Jim Jordan Demands IRS Explain Unannounced Visit to Matt Taibbi’s Home
Representative Jim Jordan (R., Ohio) sent a letter to Treasury Secretary Janet Yellen and Internal Revenue Service (IRS) Commissioner Daniel Werfel demanding an explanation as to why the agency deployed federal agents to visit “Twitter Files” journalist Matt Taibbi.
Jordan, the chairman of the House Judiciary Committee, sent the notice on Monday requesting more information on the timing and circumstances of the raid on Taibbi’s house in New Jersey on March 9.
Federal agents were dispatched to Taibbi’s residence the very same day that the investigative journalist appeared before the Select Subcommittee on the Weaponization of the Federal Government, also chaired by Representative Jordan.
According to the letter, first obtained by the Wall Street Journal, Taibbi notified Jordan that the IRS instructed him to phone the federal agency four days later, and he was later told that both his 2018 and 2021 tax filings were requested because of “concerns over identity theft.”
Taibbi shared his 2018 tax submission with the Select Committee, which showed that his filing was “electronically accepted” and that no problem was registered with the return for “more than four-and-a-half years,” the Journal editorial notes.
While Taibbi’s initial 2021 return was rejected twice despite his accountant using an “IRS-provided pin number.” Taibbi added that the issue at stake is not “monetary” and that the federal agency actually owes him a “considerable” amount of money.
During Taibbi’s visit to Capitol Hill, Representative Stacey Plaskett (D., V.I.) denounced the former Rolling Stones journalist as a threat.
“Mr. Chairman, I am not exaggerating when I say that you have called before you two witnesses who pose a direct threat to people who oppose them.” When Jordan laughed at this comment, Plaskett replied, “It’s funny when people have to go through that? This is unacceptable.”
Plaskett derided Taibbi as a “so-called journalist” and repeatedly insisted that there was no “real evidence” publicized in the Twitter Files showing coordination between the federal government and the social-media platform.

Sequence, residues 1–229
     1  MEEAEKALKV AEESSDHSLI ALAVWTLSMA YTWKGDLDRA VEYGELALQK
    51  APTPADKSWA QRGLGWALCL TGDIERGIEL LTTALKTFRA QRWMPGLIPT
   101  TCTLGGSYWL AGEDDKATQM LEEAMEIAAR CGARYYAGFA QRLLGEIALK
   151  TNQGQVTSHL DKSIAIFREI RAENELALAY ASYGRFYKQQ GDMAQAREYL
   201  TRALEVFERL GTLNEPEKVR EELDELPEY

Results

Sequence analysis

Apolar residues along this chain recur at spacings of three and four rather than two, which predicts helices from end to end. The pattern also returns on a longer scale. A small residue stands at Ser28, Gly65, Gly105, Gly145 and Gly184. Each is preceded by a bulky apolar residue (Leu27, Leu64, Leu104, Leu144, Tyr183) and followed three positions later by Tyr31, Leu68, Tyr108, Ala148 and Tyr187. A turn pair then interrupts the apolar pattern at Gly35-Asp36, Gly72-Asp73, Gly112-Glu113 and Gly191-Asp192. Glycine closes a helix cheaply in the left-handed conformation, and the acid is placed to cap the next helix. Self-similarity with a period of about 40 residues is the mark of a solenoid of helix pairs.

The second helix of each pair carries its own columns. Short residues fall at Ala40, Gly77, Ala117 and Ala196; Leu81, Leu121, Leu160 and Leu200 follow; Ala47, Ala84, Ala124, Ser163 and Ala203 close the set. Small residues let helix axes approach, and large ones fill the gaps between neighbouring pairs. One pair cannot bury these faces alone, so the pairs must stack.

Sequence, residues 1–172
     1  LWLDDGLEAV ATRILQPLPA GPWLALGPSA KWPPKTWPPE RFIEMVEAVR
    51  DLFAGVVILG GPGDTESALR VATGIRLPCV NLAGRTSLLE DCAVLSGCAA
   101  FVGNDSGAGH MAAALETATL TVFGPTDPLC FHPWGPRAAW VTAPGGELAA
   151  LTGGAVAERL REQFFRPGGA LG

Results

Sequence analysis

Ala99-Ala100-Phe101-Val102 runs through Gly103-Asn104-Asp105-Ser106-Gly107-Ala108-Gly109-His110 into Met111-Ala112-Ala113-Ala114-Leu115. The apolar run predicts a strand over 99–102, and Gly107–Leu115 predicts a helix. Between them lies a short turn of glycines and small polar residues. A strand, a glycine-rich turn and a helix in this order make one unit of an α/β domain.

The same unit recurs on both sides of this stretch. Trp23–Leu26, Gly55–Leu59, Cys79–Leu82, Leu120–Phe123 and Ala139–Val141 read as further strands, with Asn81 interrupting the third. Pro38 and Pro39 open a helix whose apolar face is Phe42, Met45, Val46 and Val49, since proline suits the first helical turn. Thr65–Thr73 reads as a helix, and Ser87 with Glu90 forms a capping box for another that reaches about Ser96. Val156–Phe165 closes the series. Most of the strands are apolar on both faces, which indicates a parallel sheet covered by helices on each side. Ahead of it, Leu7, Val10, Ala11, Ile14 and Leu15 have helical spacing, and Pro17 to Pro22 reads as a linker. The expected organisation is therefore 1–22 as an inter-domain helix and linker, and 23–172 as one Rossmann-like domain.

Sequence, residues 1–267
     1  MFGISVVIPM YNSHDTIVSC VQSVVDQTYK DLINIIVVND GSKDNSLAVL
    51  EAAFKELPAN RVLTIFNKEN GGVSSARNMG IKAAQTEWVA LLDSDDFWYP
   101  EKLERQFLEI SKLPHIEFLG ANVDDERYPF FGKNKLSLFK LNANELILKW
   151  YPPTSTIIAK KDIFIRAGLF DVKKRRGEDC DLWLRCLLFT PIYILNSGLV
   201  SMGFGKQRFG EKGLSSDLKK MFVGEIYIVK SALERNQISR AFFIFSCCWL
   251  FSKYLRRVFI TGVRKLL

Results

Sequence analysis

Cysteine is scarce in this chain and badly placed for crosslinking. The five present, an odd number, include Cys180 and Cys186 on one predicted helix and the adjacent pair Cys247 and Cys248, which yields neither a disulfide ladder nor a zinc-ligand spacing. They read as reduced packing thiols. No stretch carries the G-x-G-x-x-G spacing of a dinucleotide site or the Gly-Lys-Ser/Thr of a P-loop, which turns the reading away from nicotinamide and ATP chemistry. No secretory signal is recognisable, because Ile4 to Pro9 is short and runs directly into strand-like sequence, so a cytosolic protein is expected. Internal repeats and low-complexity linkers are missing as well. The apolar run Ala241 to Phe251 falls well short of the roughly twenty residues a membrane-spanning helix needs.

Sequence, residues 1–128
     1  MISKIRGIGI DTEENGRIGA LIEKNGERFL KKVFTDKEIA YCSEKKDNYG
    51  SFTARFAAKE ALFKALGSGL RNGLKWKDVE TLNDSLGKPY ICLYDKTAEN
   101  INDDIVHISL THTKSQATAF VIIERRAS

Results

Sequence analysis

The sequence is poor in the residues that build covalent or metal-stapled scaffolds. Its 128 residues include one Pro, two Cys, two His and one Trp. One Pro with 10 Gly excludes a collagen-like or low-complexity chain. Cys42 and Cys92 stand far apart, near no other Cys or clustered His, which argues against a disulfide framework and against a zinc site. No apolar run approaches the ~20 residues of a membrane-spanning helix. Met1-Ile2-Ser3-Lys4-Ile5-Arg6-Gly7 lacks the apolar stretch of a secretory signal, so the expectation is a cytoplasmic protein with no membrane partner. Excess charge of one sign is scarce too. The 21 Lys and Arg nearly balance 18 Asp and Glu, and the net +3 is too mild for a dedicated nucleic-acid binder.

“Ranking Member Plaskett, I’m not a so-called journalist,” Taibbi countered. “I’ve won the National Magazine Award, the I.F. Stone Award for Independent Journalism, and I’ve written ten books, including four New York Times best sellers.”
Representative Debbie Wasserman Schultz (D., Fl.) engaged in a similar line of hostile questioning.
“Being a Republican witness today certainly casts a cloud over your objectivity.”
“Elon Musk spoon-fed you his cherry-picked information, which you must have suspected promotes a slanted viewpoint or, at the very least, generates a right-wing conspiracy theory. You violated your own standards, and you appear to have benefitted from it,” the Florida representative told Taibbi.
However, “I decided the Committee should probably know,” Taibbi told National Review about the unannounced IRS home visit following Wasserman- Schultz’s comments during the hearing raising the matter of Taibbi’s income.
According to Taibbi, the “IRS is now saying there’s no problem.”
The IRS did not respond to NR’s request for comment.
Just ahead of testifying, Taibbi released a new installment of the Twitter Files revealing that the social-media company had established a “Censorship-Industrial Complex” whereby agencies such as the FBI and Department of Homeland Security (DHS) and NGOs including the Atlantic Council and National Endowment for Democracy regularly consulted with the social-media platform in an effort to censor or downplay posts they found objectionable.
9. Asked if Twitter’s marketing department could say the company detects “misinfo” with help of “outside experts,” a Twitter executive replied: pic.twitter.com/oYjKUqE96I
— Matt Taibbi (@mtaibbi) March 9, 2023
According to the communications obtained by Taibbi, much of which he has published in the Twitter Files, Twitter had a policy of censoring even information that it accepted as true if that info had a chance of inducing “vaccine hesitancy” among readers.